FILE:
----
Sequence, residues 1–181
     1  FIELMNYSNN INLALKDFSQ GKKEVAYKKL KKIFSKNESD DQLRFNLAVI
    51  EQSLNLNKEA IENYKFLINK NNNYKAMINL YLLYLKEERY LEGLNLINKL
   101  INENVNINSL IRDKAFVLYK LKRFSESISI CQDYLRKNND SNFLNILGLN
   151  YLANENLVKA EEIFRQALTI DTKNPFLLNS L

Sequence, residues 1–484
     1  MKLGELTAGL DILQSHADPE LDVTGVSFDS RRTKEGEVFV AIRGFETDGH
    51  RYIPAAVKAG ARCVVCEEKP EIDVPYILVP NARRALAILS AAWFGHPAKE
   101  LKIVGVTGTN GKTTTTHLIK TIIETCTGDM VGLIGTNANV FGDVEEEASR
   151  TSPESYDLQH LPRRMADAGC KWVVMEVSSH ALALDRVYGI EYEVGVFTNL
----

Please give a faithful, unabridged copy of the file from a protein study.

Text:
Sequence, residues 1–181
     1  FIELMNYSNN INLALKDFSQ GKKEVAYKKL KKIFSKNESD DQLRFNLAVI
    51  EQSLNLNKEA IENYKFLINK NNNYKAMINL YLLYLKEERY LEGLNLINKL
   101  INENVNINSL IRDKAFVLYK LKRFSESISI CQDYLRKNND SNFLNILGLN
   151  YLANENLVKA EEIFRQALTI DTKNPFLLNS L

Sequence, residues 1–484
     1  MKLGELTAGL DILQSHADPE LDVTGVSFDS RRTKEGEVFV AIRGFETDGH
    51  RYIPAAVKAG ARCVVCEEKP EIDVPYILVP NARRALAILS AAWFGHPAKE
   101  LKIVGVTGTN GKTTTTHLIK TIIETCTGDM VGLIGTNANV FGDVEEEASR
   151  TSPESYDLQH LPRRMADAGC KWVVMEVSSH ALALDRVYGI EYEVGVFTNL